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Why I’m Not a Jewish Secularist

Mitchell Abidor
January 21, 2013

THREE THINGS ARE CONSTITUTIVE OF MY BEING: being a Brooklynite, being a Jew, and being an atheist. The first gives me a place, my family having been in Brooklyn for over a century; the second gives me a history and an existential situation in society, an alterity that I happily assume; and the third a morality and ethics.

And yet, not only am I not a Jewish secularist, but I find Jewish secularism opposed to most of the values I hold dear—for by its valorization of Judaism, it both encourages particularism and contributes to the validation and spread of religious ideas. If Bundists were Zionists with seasickness, Jewish secularists are believers lacking in the zitzfleisch needed to sit in shul.

For Jewish secularists, the central core of Judaism is good. The historian David Biale, in a 2011 interview in the Jerusalem Post, defined the players in this way: “Secular Jews are not the same as Jewish secularists. The former construct their secular identities without any reference to the Jewish tradition. The latter . . . engage the Jewish religious tradition, if only to replace it by secular content. For example, a Jewish secularist might read the Bible as a political, cultural or historical document rather than a religious text.” Thus, for a Jewish secularist Judaism is a religion of social responsibility, one that values education, that resists oppression, and that serves as the basis for an enlightened world-view that needs only be brought out and divorced from its obscurantist setting. It provides an ethics of brotherhood and cooperation, a history of rebellion against oppression. For a Jewish secularist Judaism – the ideas without the religion – can serve as a guide to life, a philosophy of good and evil, a path to secular righteousness.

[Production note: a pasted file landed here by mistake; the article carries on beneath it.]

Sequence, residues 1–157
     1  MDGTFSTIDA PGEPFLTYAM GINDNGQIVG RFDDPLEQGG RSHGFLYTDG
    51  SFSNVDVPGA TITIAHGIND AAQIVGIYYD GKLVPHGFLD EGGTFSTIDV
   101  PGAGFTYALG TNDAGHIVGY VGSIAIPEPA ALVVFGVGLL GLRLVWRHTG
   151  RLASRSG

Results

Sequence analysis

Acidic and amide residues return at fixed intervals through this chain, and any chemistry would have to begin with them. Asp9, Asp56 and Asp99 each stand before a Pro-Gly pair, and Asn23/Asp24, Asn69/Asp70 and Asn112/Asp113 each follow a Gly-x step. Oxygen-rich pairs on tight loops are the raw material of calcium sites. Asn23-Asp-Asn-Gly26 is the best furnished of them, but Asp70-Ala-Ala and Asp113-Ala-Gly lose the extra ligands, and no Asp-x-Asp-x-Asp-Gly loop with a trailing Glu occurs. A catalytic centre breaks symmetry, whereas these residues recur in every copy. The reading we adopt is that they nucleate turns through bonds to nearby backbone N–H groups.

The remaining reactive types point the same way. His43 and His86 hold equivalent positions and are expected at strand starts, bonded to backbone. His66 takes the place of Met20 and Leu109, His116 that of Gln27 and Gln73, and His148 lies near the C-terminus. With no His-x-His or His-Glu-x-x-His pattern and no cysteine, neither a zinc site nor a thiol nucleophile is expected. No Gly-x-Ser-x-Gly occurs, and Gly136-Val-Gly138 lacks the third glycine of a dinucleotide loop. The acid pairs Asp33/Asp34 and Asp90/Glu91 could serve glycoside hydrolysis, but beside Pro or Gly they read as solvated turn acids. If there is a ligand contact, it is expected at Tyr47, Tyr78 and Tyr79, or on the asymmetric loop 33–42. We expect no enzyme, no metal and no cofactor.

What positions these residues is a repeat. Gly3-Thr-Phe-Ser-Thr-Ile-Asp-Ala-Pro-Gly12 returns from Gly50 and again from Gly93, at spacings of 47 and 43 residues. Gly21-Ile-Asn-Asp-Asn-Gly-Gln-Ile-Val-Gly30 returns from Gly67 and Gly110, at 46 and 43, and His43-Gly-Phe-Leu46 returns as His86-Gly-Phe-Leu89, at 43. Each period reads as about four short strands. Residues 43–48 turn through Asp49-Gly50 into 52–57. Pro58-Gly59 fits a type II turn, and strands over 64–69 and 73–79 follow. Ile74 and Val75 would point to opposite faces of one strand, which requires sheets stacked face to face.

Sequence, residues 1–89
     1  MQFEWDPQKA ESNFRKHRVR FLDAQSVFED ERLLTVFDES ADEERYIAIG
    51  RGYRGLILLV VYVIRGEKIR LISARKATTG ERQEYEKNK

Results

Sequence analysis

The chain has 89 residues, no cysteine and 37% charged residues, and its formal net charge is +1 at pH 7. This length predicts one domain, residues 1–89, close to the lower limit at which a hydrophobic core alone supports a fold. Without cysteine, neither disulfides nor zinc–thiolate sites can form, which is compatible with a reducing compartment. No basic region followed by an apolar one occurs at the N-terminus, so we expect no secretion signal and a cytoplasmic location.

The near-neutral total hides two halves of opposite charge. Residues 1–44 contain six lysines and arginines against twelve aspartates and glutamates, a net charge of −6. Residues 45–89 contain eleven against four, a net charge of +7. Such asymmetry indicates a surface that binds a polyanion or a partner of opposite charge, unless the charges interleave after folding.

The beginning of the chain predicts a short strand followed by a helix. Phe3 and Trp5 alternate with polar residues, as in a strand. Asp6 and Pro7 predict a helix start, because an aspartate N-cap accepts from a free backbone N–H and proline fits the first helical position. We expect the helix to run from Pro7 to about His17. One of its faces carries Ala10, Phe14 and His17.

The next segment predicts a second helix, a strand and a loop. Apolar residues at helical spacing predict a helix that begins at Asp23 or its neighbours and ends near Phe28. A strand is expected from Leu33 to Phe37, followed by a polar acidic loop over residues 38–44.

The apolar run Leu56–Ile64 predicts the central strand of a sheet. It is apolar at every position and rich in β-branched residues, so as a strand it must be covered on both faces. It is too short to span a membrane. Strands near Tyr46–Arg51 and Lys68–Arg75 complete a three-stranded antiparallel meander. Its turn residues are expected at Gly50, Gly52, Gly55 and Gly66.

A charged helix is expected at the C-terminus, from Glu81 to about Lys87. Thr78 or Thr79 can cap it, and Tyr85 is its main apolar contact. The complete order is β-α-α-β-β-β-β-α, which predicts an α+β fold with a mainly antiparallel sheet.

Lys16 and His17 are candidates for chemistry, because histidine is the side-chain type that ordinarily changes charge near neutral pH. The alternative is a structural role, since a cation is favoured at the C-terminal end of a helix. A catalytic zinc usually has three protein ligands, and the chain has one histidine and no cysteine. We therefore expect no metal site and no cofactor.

A STRIKING EXAMPLE OF THE ATTEMPT TO GROUND ETHICS IN DENATURED RELIGION can be found in the pages of Jewish Currents itself. Lawrence Bush, the magazine’s editor, interviewed Randy Cohen, the New York Times’ former ethicist, and at various points in the interview Bush attempted to tie Cohen’s attitudes and responses to a specifically Jewish idea; Cohen, however, was having none of it. And he was having none of it not (or not only) from ignorance of the Jewish sources cited, but because these Jewish sources were superfluous. When Bush tells Cohen that: “You’re expressing a very Jewish view of the human being. Judaism makes a fairly big deal out of the role of the yetzer hara, the evil urge, and seeks to establish a system of mitzvot, actual deeds meant to channel our urges towards the good,” Cohen simply answers, “The urges are the urges.” Bush’s references in the interview to the Talmud, Hillel, and the Pirkei Avot are gratuitous, since they clearly had in no way influenced Cohen’s thought or point of view. If Cohen arrived at positions that resembled those in Jewish texts it could only have been the fruit of coincidence, proving their superfluity. Secularists who refer to story lines in Jewish writings to justify their positions are simply adding an unnecessary step. Does a progressive idea gain validity because you cite Rabbi Hillel? Or does Rabbi Hillel gain more from the bargain, being granted a patina of modernity, and so set us back?

Emmanuel Lévinas, one of the most important French philosophers of the 20th Century, wrote five volumes of Talmudic readings, readings that were certainly eccentric and which he employed to elaborate on and to provide a foundation for his philosophy of responsibility to the Other. His specifically Jewish writings are fascinating and provocative. But why bother? Does an ethics that stresses our responsibility to others require a God or references to ancient Babylonian sages? Do the thoughts of the ancients add anything to our ethics or do they not, instead, gain a luster from being used for secular ends?